Would You Give Up Money To Have Meaningful Work?

greater meaning in the workplace

If you have never seen Shawn Achor's TED talk, The Happy Secret To Better Work, you should definitely watch it. It is my all-time favorite TED talk. It is funny, informative, and immensely insightful. It will make you question what you thought you knew about work and productivity.

I am a huge fan of Shawn Achor's research, which is why I became interested in the report he released with BetterUp at the end of 2018 called Meaning and Purpose at Work. The researchers surveyed 2,285 American professionals in 26 industries and various pay levels, company sizes, and demographics. The findings were revealing.

More than nine out of ten employees expressed willingness to trade a percentage of their compensation for greater meaning at work. How much money were they willing to give up for more meaningful work? 23% of their lifetime earnings. That is huge if you consider that Americans spend about 21% of their income on housing. This means that people value meaningful work more than the homes in which they live.

But it is not just about employees' happiness and satisfaction at work. According to the same study, employees who find their work highly meaningful generate an additional $9,078 for their company per year. Organizations save "an average of $6.43 million in annual turnover-related costs for every 10,000 workers, when all employees feel their work is highly meaningful."

Now that we know that meaningful work benefits both employees and employers, how do we build greater meaning in the workplace? The study provided three key recommendations.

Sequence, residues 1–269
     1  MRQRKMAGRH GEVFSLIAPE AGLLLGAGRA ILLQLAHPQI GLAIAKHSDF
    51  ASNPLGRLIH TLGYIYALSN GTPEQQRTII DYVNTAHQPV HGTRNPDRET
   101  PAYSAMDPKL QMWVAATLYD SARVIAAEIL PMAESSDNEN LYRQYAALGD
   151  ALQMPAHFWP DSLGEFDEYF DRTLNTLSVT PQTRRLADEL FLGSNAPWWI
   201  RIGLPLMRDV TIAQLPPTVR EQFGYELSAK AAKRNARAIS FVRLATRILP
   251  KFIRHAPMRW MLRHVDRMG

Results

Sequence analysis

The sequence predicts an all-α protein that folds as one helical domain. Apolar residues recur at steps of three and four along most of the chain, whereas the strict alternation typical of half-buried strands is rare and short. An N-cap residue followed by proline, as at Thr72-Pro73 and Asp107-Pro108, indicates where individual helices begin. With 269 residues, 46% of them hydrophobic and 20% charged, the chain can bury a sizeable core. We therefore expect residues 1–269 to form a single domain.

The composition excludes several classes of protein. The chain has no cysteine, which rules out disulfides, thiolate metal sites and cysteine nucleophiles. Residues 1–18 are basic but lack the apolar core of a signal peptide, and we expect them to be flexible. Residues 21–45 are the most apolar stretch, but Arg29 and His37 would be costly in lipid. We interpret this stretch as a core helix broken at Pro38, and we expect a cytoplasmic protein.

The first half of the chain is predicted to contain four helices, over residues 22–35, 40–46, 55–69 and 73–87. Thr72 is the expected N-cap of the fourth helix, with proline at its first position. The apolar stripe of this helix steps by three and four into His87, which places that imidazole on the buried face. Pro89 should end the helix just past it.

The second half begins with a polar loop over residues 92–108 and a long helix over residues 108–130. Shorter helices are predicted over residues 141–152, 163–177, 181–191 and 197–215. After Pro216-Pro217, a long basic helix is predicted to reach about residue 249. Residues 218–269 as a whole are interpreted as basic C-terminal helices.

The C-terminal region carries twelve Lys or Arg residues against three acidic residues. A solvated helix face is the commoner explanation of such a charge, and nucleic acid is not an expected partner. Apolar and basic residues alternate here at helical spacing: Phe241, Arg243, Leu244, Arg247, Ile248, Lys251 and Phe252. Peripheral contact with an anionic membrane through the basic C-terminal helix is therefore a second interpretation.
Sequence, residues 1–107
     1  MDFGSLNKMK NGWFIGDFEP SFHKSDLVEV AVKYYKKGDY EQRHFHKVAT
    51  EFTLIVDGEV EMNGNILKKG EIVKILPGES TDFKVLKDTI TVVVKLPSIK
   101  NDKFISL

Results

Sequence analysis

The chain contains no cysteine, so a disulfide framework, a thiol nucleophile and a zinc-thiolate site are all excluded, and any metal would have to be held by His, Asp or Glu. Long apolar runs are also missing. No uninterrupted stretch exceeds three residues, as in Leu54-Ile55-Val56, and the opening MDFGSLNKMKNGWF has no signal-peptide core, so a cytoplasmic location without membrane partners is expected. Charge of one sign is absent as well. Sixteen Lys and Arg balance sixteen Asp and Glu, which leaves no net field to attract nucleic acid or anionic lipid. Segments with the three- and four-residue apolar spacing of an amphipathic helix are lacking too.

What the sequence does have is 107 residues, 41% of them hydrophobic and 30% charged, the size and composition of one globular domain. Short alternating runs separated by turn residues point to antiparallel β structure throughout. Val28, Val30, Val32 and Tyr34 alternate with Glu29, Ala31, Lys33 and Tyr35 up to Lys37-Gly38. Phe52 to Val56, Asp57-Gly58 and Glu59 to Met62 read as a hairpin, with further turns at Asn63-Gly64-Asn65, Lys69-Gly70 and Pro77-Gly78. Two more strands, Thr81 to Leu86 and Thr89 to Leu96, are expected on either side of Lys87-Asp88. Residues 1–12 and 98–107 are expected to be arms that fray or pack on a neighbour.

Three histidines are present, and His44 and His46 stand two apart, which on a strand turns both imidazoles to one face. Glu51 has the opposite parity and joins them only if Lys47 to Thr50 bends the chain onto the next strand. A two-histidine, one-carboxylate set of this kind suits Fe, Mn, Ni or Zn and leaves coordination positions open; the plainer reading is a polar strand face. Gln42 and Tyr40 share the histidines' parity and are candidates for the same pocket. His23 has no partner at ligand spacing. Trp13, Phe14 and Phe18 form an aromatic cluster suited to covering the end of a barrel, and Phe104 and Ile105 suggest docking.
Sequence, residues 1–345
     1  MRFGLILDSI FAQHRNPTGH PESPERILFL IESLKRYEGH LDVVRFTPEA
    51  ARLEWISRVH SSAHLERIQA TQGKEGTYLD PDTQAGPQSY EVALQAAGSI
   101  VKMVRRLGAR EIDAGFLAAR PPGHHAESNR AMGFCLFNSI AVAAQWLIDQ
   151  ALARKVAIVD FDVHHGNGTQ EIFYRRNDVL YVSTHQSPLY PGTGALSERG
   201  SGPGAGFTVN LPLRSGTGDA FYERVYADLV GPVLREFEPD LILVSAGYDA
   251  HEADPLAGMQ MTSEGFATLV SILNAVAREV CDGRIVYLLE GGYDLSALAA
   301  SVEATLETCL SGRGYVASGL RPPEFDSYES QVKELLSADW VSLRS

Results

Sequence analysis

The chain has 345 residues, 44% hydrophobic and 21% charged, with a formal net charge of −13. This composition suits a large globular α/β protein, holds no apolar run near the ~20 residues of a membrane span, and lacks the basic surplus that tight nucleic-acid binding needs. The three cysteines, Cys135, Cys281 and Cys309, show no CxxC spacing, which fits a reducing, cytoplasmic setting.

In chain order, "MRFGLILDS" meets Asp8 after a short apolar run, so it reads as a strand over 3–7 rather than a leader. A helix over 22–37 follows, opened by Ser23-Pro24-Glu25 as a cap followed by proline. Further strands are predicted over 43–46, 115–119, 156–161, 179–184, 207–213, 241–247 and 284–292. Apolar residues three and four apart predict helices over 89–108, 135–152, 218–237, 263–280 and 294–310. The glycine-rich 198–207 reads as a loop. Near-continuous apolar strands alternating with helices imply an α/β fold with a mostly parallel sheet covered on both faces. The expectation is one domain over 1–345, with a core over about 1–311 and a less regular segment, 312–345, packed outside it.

1. Establish strong social support. Employees who experience high levels of social support report 47% higher workplace meaning than employees who work at companies with a culture of poor social support.

Establishing strong social support does not have to be complicated. Managers can explicitly share the aspects of work they find meaningful with their employees. Managers can also explain the connection between the team's projects and the company's overall purpose to help employees understand how their work ties to a company's larger vision.

This suggestion is consistent with Jacob Morgan’s advice in his recently published book, The Future Leader: 9 Skills and Mindsets to Succeed in the Next Decade.

"Employees want to see that their efforts are impactful and contributing to the overall purpose of the company. To set the example, leaders must first understand their own job, purpose, impact, and meaning before helping their employees do the same."

2. Make every employee a knowledge worker. Peter Drucker first coined the term "knowledge worker" back in 1959. Unlike manual laborers who are paid to perform physical tasks, knowledge workers think for a living. They are high-level workers who apply theoretical and analytical knowledge, which they typically acquire through formal training. Knowledge workers can solve complex problems and develop new products or services.

BetterUp's study found that knowledge workers experience greater meaning at work and derive an especially strong sense of meaning from a feeling of active professional growth. Knowledge workers get inspired by the company's vision and having the company's leaders solicit employees' feedback on how to achieve the vision.

3. Support meaning multipliers, i.e., leverage employees who find higher levels of meaning to act as multipliers of meaning throughout an organization. The best example of this is mentorship. Companies should connect mentors to other employees to share perspectives on what makes work meaningful for mentors.

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